Publication:
Application of avatars in display design to support spatial awareness under varying workload conditions

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Authors
Myttas, Dimitrios
Subjects
Advisors
Ciavarelli, Anthony
Date of Issue
2006-09
Date
Publisher
Monterey, California. Naval Postgraduate School
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Abstract
Human performance in spatial orientation tasks is mainly determined by spatial awareness and the skills to transition from the current spatial attitude into the desired spatial orientation and position. Erroneous spatial awareness may lead to degraded task performance, to the loss of equipment, to serious injuries, or fatal aviation mishaps. The use of UAVs is considered beneficial due to the reduction in risk to the human carrying out the "mission". However, the remote execution of such a mission is extremely demanding for the operator. If extensive use of UAVs is to become routine, a number of concerns that may influence their effective use needs to be addressed. When we consider the human-in-the-loop (HITL), then vehicle control and the use of autonomy are important issues for the end user. Therefore this thesis will investigate the use of a virtual avatar in the flight simulator software (Weber Box) and conduct experimental proof of concept (conduct of experiments and analysis, evaluation and validation of the data of the concept using actual flight simulation software). Results of a study (conducted by Weber, 2006) indicated that the proposed design (Weber Box) seemed to strongly support spatial awareness in 3D orientation tasks. Time to assess a spatial situation decreases significantly, whereas accuracy of this spatial judgment at least maintains its level. This study investigated human orientation performance in relation to display designs that support mental models of the user's spatial situation under varying workload conditions. The main goal is to support the pilot/operator with intuitive, 3D-based information which improves their spatial awareness and supports their mental model of spatial position, he/she is operating under, even with varying workload conditions. As a follow-up study has to be identified, determining whether varying workload affects performance between the two display designs, and if there is a significant difference to a set of properties which are essential for linking virtual avatars and spatial awareness.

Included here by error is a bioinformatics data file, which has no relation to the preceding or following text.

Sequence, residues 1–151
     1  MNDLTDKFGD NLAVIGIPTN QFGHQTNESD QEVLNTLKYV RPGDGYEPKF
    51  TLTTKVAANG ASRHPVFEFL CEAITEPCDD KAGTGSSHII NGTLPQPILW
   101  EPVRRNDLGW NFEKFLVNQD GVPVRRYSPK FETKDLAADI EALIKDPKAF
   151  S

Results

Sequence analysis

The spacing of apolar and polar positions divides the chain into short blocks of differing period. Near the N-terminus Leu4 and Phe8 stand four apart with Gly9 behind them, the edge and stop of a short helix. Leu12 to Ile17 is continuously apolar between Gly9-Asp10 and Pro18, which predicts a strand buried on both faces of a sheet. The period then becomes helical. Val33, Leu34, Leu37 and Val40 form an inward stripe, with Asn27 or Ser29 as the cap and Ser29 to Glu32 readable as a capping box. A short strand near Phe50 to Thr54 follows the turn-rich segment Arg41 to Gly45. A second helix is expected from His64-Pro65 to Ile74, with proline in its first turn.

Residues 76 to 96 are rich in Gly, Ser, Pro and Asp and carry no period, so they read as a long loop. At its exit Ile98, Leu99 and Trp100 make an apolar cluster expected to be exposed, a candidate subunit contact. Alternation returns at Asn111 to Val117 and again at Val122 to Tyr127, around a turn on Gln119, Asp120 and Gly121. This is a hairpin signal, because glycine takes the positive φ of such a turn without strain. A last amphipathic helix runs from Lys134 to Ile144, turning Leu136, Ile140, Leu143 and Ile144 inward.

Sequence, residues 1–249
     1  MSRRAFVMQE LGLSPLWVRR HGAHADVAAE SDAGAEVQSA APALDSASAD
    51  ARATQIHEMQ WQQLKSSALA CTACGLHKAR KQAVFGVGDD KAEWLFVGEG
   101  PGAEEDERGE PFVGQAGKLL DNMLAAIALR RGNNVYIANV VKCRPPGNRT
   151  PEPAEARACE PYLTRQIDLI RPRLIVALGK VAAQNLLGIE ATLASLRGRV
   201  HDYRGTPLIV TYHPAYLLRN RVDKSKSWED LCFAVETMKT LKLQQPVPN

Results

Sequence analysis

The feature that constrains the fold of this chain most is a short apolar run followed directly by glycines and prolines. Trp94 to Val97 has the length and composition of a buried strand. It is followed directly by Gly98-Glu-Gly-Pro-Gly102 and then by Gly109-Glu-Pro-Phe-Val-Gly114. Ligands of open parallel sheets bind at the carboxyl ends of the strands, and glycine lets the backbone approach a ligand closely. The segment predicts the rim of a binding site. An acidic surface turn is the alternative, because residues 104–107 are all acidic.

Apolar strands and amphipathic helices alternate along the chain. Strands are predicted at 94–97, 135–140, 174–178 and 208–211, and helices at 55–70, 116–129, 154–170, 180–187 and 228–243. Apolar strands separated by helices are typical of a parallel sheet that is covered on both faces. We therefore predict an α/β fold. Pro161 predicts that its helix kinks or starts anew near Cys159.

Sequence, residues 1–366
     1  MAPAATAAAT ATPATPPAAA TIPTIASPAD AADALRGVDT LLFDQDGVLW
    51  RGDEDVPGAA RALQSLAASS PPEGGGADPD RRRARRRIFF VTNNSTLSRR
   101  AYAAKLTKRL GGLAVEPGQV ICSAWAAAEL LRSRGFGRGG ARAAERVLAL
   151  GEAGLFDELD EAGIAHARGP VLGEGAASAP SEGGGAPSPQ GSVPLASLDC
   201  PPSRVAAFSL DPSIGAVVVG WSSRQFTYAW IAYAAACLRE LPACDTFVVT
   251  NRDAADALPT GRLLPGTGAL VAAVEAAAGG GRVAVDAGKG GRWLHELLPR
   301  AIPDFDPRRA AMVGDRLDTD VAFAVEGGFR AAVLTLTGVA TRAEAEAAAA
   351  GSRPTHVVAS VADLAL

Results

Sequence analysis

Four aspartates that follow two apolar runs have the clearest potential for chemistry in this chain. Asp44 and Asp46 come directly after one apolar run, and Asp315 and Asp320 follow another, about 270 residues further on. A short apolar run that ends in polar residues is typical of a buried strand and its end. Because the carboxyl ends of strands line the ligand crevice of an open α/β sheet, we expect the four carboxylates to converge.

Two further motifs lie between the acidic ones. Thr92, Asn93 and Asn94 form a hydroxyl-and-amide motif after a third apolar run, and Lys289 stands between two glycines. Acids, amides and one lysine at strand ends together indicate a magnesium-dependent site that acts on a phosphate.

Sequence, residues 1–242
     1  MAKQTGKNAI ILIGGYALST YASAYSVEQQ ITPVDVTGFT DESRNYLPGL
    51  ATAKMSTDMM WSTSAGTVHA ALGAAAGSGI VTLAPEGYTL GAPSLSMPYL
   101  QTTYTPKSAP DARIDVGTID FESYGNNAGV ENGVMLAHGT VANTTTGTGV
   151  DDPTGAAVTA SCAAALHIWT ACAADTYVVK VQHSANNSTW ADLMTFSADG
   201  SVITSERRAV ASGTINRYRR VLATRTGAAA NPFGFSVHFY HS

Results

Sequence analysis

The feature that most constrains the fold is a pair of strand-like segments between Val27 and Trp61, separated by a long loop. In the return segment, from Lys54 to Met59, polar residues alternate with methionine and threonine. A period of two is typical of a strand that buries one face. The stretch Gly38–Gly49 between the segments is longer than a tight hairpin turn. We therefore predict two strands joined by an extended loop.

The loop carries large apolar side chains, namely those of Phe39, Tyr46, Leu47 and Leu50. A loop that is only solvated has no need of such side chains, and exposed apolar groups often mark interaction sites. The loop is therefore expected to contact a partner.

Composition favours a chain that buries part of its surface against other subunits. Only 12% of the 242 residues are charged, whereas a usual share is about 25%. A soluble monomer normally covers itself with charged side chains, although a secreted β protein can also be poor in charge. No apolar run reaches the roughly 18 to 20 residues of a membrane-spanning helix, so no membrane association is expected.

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Thesis
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Naval Postgraduate School
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Format
xiv, 101 p. : ill. (chiefly col.) ;
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Approved for public release; distribution is unlimited.
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